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Giuseppe Merlo

tennis player

Nickname: Beppe
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Bio He was an Italian tennis player.

Merlo reached the semifinals of French Championships in 1955 (losing to Sven Davidson) and 1956 (losing to Lew Hoad). In the final of Rome in 1955, Merlo led 2 sets to 1 and had 2 match points against Fausto Gardini, but minutes later had to retire with cramps. Merlo lost in the Italian Open final again in 1957 (to Nicola Pietrangeli).

His other career highlights include winning the Reggio Calabria International tournament four times (1959–60, 1963, 1967). He was part of the Italian Davis Cup team, winning 25 matches out of 35.

He was a son of the goalkeeper of the city club of Merano, his career began in 1945, when he moved to Bologna to play for Virtus. He made his victorious debut in the Davis Cup in 1951, lined up against Poland and claimed his first Davis cup win.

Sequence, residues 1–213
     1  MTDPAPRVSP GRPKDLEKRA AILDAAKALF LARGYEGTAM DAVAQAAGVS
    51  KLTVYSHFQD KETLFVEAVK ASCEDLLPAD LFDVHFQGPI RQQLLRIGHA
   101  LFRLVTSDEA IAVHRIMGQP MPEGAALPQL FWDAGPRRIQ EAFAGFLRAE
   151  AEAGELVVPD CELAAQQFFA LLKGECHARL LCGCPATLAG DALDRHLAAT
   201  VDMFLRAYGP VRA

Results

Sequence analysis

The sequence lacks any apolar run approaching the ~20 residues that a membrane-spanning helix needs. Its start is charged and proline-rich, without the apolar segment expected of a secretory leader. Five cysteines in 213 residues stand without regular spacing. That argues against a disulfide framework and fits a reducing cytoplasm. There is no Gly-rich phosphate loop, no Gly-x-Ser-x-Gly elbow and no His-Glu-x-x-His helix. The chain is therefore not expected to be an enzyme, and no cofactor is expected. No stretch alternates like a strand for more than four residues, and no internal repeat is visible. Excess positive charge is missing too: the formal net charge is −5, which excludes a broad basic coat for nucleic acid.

In 1952, he was sent by the Federation to California, together with Gardini, to improve his game; he is trained by Mark Tennant who also made him play some matches with the champions Jack Kramer and Pancho Gonzales, who have already turned professional. In the same year he made his debut at the French Open, where he was eliminated in the third round by Lew Hoad; at Wimbledon, he was stopped in the first round. He also ran into the Australian the following year, at the Internazionali d'Italia and, again, at Roland Garros, with the same result, respectively, in the first and third rounds. The same year he started in the Davis Cup, playing and winning both singles against the Netherlands and Sweden. On that occasion, Italy reached the semi-finals of the European zone but was eliminated 2-3 by Belgium in Brussels. Merlo beats Jacques Brichant but is defeated by Philippe Washer. In the Davis Cup 1954 Merlo is sidelined, together with Fausto Gardini. Marcello Del Bello and Orlando Sirola are preferred to him and then debutant Nicola Pietrangeli is promoted to starter but Italy, after passing the first round, did not go beyond the quarter-finals, losing to Sweden 5-0.